ASHEBORO, N.C.--The North Carolina Zoo says two critically endangered American red wolf pups have been euthanized.

The pups, Hurricane and Typhoon (Ty), were part of a pack of five born Sunday, April 15, at the Zoo under the American Red Wolf Recovery Program. Tuesday, May 29, zookeepers discovered two pups had received traumatic injuries as a result of parental aggression from their father.

The Zoo and its veterinarian staff made the difficult decision to humanely euthanize them based on quality of life factors. The cause of the parental aggression is unknown, the zoo says.

“Red wolves are wild animals–their behaviors cannot always be predicted,” said Chris Lasher, Animal Management Supervisor at the Zoo and Species Survival Plan Coordinator for the American Red Wolf. “Even though this pair have had pups in the past and we had observed good parenting skills from both mom and dad with this litter, the father wolf caused traumatic injuries to two of the pups.”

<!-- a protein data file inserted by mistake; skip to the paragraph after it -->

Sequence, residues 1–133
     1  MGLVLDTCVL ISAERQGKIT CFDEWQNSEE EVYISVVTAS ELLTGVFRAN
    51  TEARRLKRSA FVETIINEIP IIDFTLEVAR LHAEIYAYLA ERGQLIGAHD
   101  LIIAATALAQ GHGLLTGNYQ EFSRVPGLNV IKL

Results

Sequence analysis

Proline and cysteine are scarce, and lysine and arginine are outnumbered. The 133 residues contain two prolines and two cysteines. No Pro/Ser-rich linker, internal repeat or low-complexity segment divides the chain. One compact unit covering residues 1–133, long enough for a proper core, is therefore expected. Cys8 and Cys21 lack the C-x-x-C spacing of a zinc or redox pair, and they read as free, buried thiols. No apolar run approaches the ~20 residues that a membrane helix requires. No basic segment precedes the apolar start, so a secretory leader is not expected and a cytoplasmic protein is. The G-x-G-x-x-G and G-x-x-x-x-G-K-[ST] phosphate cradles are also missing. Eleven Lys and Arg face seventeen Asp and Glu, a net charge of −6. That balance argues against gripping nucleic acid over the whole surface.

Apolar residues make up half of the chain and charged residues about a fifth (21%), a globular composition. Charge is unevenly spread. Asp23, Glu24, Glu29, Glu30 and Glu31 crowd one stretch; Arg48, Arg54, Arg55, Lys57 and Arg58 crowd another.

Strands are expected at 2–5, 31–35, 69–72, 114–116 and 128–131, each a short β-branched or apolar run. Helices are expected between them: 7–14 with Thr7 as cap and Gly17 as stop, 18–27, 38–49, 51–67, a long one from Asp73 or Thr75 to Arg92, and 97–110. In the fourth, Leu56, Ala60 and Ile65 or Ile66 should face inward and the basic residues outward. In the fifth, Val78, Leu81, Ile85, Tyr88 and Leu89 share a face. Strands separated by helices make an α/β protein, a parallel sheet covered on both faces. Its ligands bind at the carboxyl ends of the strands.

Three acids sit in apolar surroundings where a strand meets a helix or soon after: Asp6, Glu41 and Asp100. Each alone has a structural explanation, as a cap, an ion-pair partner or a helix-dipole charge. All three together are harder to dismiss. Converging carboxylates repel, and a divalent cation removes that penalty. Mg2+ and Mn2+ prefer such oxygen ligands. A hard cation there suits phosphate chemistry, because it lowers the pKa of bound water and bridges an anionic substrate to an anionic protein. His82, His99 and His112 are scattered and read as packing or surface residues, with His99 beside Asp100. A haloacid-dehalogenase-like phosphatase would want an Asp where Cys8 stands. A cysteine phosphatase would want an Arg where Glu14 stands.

Lasher said staff took as many precautions as possible.

“One of the reasons that these pups are being raised in a quiet, off-viewing area is to try and prevent this type of incident,” Lasher said. “But even with these precautions, we are not always successful in preventing these types of losses that are known to occur in both the wild settings and for wolves under human care.”

North Carolina Zoo Director Pat Simmons describes the deaths as a tough loss for the Zoo and for red wolf advocates everywhere. The entire staff is heartbroken by the loss.

"The North Carolina Zoo is deeply committed to red wolf conservation,” said Roger Sweeney, general curator for the Zoo. “While a setback like this is difficult for our team to experience, the three remaining pups represent an important step forward for the species. We remain focused on fighting to preserve a place for this iconic American species.”

The zook says the remaining pups, Thor, Thunder and Oklahoma (Oakley), are healthy and active and continuing to be monitored daily. They are the offspring of Ayita (female), who is also healthy and active, and Finnick (male), both six years old. Finnick was relocated to give the remaining puppies the best chance of survival.

The loss brings the Zoo’s pack to 21.

The Zoo has been part of American Red Wolf Recovery Program since 1994.